Background: Atrazine is a herbicide used extensively worldwide. Bioassays have shown that it is embryotoxic and embryolethal. Evidence of adverse reproductive outcomes from exposure in the general population is sparse.
Aims: To evaluate the association between atrazine levels in municipal drinking water and the following adverse reproductive outcomes: increased risk of preterm delivery, low birth weight (LBW), and small-for-gestational-age (SGA) status.
Methods: A total of 3510 births that took place from 1 October 1997, to 30 September 1998 were analysed. Atrazine measurements were available for 2661 samples from water treatment plants over the past decade. A seasonal pattern was identified, with atrazine peaking from May to September. The geometric mean of the atrazine level for this period was calculated for each water distribution unit and merged with the individual data by municipality of residence.
Results: Atrazine levels in water were not associated with an increased risk of LBW or SGA status and were slightly associated with prematurity. There was an increased risk of SGA status in cases in which the third trimester overlapped in whole or in part with the May–September period, compared with those in which the third trimester occurred totally from October to April (OR = 1.37, 95% CI 1.04 to 1.81). If the entire third trimester took place from May to September, the OR was 1.54 (95% CI 1.11 to 2.13).
Conclusions: Low levels of atrazine, a narrow exposure range, and limitations in the exposure assessment partly explain the lack of associations with atrazine. Findings point to the third trimester of pregnancy as the potential vulnerable period for an increased risk of SGA birth. Exposures other than atrazine and also seasonal factors may explain the increased risk.
- DEA, desetylatrazine
- DIA, deisoprylatrazine
- GAC, granulated active carbon
- IUGR, intrauterine growth retardation
- LBW, low birth weight
- SGA, small-for-gestational-age
- UDI, water distribution unit
- drinking water
- reproductive effects
- small for gestational age
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- DEA, desetylatrazine
- DIA, deisoprylatrazine
- GAC, granulated active carbon
- IUGR, intrauterine growth retardation
- LBW, low birth weight
- SGA, small-for-gestational-age
- UDI, water distribution unit
Atrazine is a herbicide from the triazine group used for weed control in a variety of crops, especially maize. Since its introduction in 1957, atrazine has been one of the herbicides used most extensively worldwide. Exposure is expected to be high in occupational settings (for example, application by agricultural workers), through dermal contact or inhalation. Levels reported in the personal breathing zone range from 0.24 to 0.89 μg/l.1 Atrazine does not tend to bioaccumulate, but its relative persistence (half-life of 35–125 days in the environment, depending on conditions) and mobility in some types of soil can contaminate surface and ground waters. Atrazine is found in rivers, lakes, ground waters, reservoirs, and rainwater as a result of its extensive use in agriculture.2–5 Consequently, the general population could be exposed to atrazine through ingestion of contaminated drinking water, as well as consumption of contaminated food or aerial drifts from spraying. In 1998, a European Union (EU) directive set the maximum concentration of atrazine and other pesticides in drinking water at 0.1 μg/l.6 A number of EU countries, including France, Italy, Austria, Denmark, Germany, Norway, and Sweden, have recently banned use of this herbicide, which is still widely used in the United States and elsewhere. The frequency with which it was detected at levels exceeding 0.1 μg/l in drinking water was one of the principal reasons for its ban in many EU countries. It was withdrawn from the French market, together with other triazines, by 30 September 2002.7 It can nonetheless remain present in the environment for some years after its last application. Consequently, worldwide potential exposure to atrazine is vast.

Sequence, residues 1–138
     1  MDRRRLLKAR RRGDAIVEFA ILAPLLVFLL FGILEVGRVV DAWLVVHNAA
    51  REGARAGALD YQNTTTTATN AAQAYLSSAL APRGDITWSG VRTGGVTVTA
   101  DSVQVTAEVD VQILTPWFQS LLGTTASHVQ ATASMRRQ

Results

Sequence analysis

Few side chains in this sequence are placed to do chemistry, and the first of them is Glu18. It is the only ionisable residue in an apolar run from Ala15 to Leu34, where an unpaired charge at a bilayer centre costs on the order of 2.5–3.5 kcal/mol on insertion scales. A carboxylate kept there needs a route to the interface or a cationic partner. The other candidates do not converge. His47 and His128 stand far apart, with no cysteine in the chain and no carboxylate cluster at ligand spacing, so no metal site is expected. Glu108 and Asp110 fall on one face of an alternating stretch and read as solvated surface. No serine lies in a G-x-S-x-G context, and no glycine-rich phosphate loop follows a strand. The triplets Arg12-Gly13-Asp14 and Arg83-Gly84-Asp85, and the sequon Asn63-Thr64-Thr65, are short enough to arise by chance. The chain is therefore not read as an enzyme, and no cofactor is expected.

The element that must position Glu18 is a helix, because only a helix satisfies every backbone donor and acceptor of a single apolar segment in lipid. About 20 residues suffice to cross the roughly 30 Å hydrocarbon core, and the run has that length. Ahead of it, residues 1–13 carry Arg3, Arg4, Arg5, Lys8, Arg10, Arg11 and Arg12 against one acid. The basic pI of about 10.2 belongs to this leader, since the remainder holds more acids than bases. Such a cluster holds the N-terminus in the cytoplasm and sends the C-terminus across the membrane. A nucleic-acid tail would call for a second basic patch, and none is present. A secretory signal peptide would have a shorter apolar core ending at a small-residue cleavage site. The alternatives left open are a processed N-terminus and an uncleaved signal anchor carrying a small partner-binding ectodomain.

As animal data show, atrazine has embryotoxic and embryolethal effects in rodents, but no teratogenic effects have been observed.2,8 In wildlife, male frogs exposed to water polluted with atrazine at levels above 0.1 μg/l show hermaphroditism and retarded gonadal development, due to its endocrine disrupting activity.9,10 Information about atrazine’s reproductive effects in humans is very sparse. Epidemiological studies focused on occupational exposures suggest an increased risk of premature births11 and early abortions12 associated with preconceptional use of pesticides containing atrazine by the father11 and with use during the trimester before conception by the father or mother.12 Munger et al conducted the only epidemiological study evaluating the relation between atrazine exposure and reproductive outcomes in the general population. They found higher rates of intrauterine growth retardation (IUGR) in communities with high atrazine levels (2.1 μg/l) in their drinking water than in communities of similar characteristics but lower atrazine levels, after adjustments for potential confounders.13 The preliminary results from this ecologic study have not been replicated, and reproductive effects related to atrazine exposure in the general population are far from clear.
We conducted a study based on the birth records in Finistère (France), a highly agricultural administrative district in France, to evaluate the risks of preterm delivery, low birth weight (LBW), and small-for-gestational-age (SGA) status associated with atrazine levels in municipal drinking water.
The district of Finistère occupies a surface of 6785 km2 in the western part of Brittany. Its population (850 000 in 1998) resides in 283 municipalities, which contain from 85 to 150 000 inhabitants and have a median size of 3000; 81% of these municipalities are considered rural. Agricultural activity is predominant and essentially involves livestock, mainly pigs and poultry, together with maize production for the animals and a sector of vegetable production. In 1997, 280 tons of pesticides were used in the maize production area of Finistère. The principal compound was atrazine (71 tons). Pesticide use averaged 1 kg per hectare per year.